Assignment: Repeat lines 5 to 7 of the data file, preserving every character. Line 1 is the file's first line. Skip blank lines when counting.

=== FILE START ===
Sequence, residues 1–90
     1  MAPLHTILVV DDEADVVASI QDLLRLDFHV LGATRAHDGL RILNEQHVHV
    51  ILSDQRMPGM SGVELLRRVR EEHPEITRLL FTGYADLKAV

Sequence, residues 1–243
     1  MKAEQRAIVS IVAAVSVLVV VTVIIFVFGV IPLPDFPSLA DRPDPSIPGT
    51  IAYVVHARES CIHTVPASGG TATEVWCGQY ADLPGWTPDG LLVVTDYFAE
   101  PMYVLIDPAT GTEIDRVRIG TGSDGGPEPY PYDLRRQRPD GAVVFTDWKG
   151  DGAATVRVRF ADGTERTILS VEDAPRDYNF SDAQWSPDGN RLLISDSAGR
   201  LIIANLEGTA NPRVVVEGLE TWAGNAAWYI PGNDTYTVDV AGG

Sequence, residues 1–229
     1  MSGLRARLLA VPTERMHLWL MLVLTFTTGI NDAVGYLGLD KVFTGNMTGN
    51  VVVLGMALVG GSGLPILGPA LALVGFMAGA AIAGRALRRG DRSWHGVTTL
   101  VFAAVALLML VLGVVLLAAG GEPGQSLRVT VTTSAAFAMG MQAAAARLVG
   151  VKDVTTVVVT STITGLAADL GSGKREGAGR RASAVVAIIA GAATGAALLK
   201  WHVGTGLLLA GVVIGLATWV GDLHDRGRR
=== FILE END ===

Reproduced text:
     1  MKAEQRAIVS IVAAVSVLVV VTVIIFVFGV IPLPDFPSLA DRPDPSIPGT
    51  IAYVVHARES CIHTVPASGG TATEVWCGQY ADLPGWTPDG LLVVTDYFAE
   101  PMYVLIDPAT GTEIDRVRIG TGSDGGPEPY PYDLRRQRPD GAVVFTDWKG